'Army of the Dead': How Zack Snyder Made a Sympathetic Zombie Movie (Exclusive)

Army of the Dead

Talking all things undead with Dave Bautista, Matthias Schweighöfer and more.

Army of the Dead is, in its own way, undead. Fanboy auteur Zack Snyder came up with the premise for an original zombie movie more than a decade ago -- years after breaking out with his Dawn of the Dead remake and before entering the DC superhero machine -- and passed the idea off to another writer to pen for a different director. That version was never brought to life, though it eventually made its way to Netflix, who approached Snyder about the prospect of making it.

"When the movie came back around, I literally said, 'I'm not even going to read the draft. I know the story,'" he tells ET's Ash Crossan. Working from memory, he speedily "banged out" his own version of the screenplay with co-writer Shay Hatten (John Wick: Chapter 3). "So, I made it fresh again for myself."

The logline is a stroke of high concept genius: A team plans to steal millions of dollars from a Las Vegas casino following the zombie apocalypse. It has all the thrills of a heist flick, with the stakes ratcheted up with the threat of a zombie attack. "I'm pretty clear on the zombie rules," Snyder grins. Working with his own original IP, however, he wanted to make sure the undead were Snyder-fied.

"One of the things I wanted to have happen was the audience to generate and to have some sympathy for the zombies, if it was possible," he explains. So, he made them smarter, capable of organizing, with individual backstories. And then he started butchering them. "That's how I was trying to get the audience to momentarily at least go, like,'Oh, that's not cool!' That was part of what was motivating how we evolve them."

Lest you mistake this for some overly cerebral character study, as actor Matthias Schweighöfer puts it, "It's action-driven, thriller-driven, horror-driven, comedy-driven, drama-driven, and you have very intelligent zombies and a zombie freaking tiger."


To fill out his elite team of zombie hunters, Snyder recruited the likes of Omari Hardwick, Ana de la Reguera, Raúl Castillo and Ella Purnell, to be led by Dave Bautista. There was only one problem: Signing on to Army of the Dead meant Bautista wouldn't be able to join his Guardians of the Galaxy director, James Gunn, on The Suicide Squad.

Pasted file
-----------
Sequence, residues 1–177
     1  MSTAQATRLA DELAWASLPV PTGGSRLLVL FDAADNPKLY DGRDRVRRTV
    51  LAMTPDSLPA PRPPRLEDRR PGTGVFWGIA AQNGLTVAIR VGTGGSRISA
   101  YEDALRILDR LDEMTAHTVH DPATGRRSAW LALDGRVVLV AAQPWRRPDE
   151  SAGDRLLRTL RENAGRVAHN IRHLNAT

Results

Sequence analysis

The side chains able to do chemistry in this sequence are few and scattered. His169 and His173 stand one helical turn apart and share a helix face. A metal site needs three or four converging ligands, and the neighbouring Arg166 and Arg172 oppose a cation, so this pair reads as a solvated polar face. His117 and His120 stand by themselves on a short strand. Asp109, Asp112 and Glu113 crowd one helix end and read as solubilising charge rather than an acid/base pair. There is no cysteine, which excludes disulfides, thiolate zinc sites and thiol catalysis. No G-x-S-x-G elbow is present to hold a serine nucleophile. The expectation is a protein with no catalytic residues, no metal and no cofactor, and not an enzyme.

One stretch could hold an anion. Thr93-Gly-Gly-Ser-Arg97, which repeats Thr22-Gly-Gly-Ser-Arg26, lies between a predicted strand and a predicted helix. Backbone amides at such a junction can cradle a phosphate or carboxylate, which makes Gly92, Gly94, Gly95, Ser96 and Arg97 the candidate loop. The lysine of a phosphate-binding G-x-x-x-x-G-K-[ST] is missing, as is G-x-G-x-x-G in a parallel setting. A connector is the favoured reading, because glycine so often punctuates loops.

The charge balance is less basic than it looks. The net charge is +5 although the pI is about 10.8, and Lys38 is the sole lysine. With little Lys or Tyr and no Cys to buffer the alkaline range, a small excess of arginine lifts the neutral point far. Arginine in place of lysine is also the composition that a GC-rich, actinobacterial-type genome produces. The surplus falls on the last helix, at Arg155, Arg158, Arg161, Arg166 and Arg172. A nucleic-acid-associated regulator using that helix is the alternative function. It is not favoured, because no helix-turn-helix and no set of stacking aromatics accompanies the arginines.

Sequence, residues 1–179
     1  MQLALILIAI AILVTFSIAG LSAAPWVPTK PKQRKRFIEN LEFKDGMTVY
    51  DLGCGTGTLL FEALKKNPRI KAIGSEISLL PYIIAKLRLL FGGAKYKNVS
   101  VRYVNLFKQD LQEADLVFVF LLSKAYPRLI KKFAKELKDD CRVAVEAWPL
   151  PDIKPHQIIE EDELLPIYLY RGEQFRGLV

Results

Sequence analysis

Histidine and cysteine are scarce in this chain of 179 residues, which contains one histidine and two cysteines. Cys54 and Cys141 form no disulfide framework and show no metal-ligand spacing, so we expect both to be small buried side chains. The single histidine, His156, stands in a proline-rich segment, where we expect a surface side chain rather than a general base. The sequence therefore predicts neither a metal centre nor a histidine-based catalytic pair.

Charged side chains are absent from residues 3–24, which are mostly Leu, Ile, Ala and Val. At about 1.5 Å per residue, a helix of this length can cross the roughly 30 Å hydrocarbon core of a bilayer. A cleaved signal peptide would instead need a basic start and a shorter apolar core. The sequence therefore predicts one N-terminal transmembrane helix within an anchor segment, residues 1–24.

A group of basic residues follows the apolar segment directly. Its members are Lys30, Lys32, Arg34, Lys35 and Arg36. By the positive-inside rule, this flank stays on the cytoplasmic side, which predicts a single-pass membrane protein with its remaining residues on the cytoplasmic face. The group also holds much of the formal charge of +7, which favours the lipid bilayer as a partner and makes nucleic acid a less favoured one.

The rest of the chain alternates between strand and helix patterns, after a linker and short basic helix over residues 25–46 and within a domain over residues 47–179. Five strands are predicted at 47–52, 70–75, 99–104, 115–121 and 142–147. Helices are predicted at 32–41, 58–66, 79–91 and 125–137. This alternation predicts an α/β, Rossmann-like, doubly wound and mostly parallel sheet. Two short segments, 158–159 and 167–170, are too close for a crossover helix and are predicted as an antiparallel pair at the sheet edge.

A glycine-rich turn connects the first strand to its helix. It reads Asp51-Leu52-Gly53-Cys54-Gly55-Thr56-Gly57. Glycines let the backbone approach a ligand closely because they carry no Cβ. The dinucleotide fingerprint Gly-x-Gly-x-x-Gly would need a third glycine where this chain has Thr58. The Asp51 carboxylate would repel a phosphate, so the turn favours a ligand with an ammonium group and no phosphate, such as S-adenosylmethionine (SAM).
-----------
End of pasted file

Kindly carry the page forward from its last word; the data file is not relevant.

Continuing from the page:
"The decision was heartbreaking. The conversation with James Gunn was one of the hardest things I've ever had to do in my career, because this is a man who is not only a friend but who had faith in me and he not only changed the trajectory of my career, but he also changed the trajectory of my life, because he had faith in me. To go to him and tell him that I can't do this film and I can't do the role that he wrote for me? It hurts my heart even thinking about," the actor says.

The chance to lead Army of the Dead proved too enticing to pass up, however, and Gunn agreed. (Bautista refuses to reveal which Squad member was written for him out of respect for the actor who replaced him. "He earned that role and I'm sure he's going to crush it.")

Army of the Dead had to contend with its own replacement, when Snyder un-cast comedian Chris D'Elia amid allegations of sexual misconduct and tapped Tig Notaro to replace him. The reshoot process required filming all of Notaro's footage with green screens and then digitally inserting her into the finished film, not just in sequences in which her character has dialogue but any moment she would appear even peripherally in group shots. "At the end of my shoot, he presented me with a fake Oscar for Best Out of Focus Background Actor," Notaro recalls.

She was also rewarded by trending on Twitter upon the trailer's launch, based on a shot of her pouring gasoline into a helicopter while smoking a cigarillo and wearing aviator sunglasses. "It went away as quickly as it arrived and things are back to normal," she shrugs. "I'm feeding kids and reminding my wife from time to time that I am #HotTig. But she said she's known that for years."

The rest of the ensemble, meanwhile, enrolled in a zombie bootcamp, where they were trained by actual Navy Seals to master the skills required to survive an outbreak. Those skills are tested and then some over the course of the movie's two-and-a-half-hour runtime, as our team shoots, stabs, splatters and otherwise slays their way through the hordes of undead. All to get to the vault containing hundreds of millions of dollars -- and the Snyder Cut.

Yes, inside the vault inside Army of the Dead is an Easter egg, of sorts, with film canisters containing the director's previously unreleased cut of Justice League. "It was my idea to do, of course, because I'm crazy," Snyder explains. This was well before HBO Max would commission and release Zack Snyder's Justice League. "At that point, that's exactly where the movie was: Locked in a vault."

This movie, meanwhile, is Snyder's undiluted vision, and the only footage left on the cutting room floor is what he himself decided to cut. Like, an outtake from the film's title sequence -- which documents the fall of Vegas in gore-filled glee -- that showed a male stripper with a bite taken out of his penis. "I really wanted to go The Full Monty of Vegas, if you will," Snyder teases. But in the first 15 minutes, he realized, "'Maybe it's early in the movie for this for your average viewer.' But it was fun to shoot anyway!" God forbid we start another Snyder Cut campaign, but we need to see that. Snyder smiles.

"I can probably arrange that."

Army of the Dead is in select theaters and streaming on Netflix on May 21.